BBA Water Resources Engineer Tara Meininger gave a short presentation on the plan that focused on the 30 “water efficiency activities” outlined for implementation in the 2021-2027 plan period. Ultimately, the goal of those activities is to reduce unbilled water consumption within the city system, as well as reduce average individual demand, thereby extending the city’s water supply and reducing infrastructure and water treatment costs.

    If adopted, the efficiency plan would call for Sterling to:

    1. Install AMR [AMI?] meters in Sterling parks that still have manual meters.

    2. Identify unmetered uses if they still exist.

    3. Identify metered taps that have been inadvertently excluded from the billing system (primarily municipal metered taps) and adding those taps into the system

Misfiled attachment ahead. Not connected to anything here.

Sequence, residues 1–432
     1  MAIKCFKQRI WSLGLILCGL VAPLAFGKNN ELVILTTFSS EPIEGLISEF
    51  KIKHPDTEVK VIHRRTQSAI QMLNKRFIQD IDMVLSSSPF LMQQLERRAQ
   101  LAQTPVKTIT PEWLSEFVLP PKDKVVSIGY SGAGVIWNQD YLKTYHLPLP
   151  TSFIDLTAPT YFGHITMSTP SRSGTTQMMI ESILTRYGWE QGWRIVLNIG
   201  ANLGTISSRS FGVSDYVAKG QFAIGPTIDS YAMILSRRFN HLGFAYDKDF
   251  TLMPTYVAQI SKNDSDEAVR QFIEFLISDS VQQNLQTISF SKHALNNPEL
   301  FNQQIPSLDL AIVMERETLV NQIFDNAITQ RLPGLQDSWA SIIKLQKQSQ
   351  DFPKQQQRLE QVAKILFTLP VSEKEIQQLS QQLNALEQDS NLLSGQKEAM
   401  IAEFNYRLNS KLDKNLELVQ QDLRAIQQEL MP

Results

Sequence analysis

4. Consider adding a “Municipal” customer type to the water billing system

    5. Consider adding a “School” customer type to the water billing system

    6. Determine whether current billing software can enhance water bills with customer-specific water use information and comparisons to the use patterns of similar water users.

    7. After completion of the waste water treatment plant upgrades, Sterling will consider whether changes to its water rate structure (for example, transition back to an inclined tiered water rate structure) would be feasible and appropriate.

    8. Sterling water staff will attend training through the Colorado Water Loss Initiative.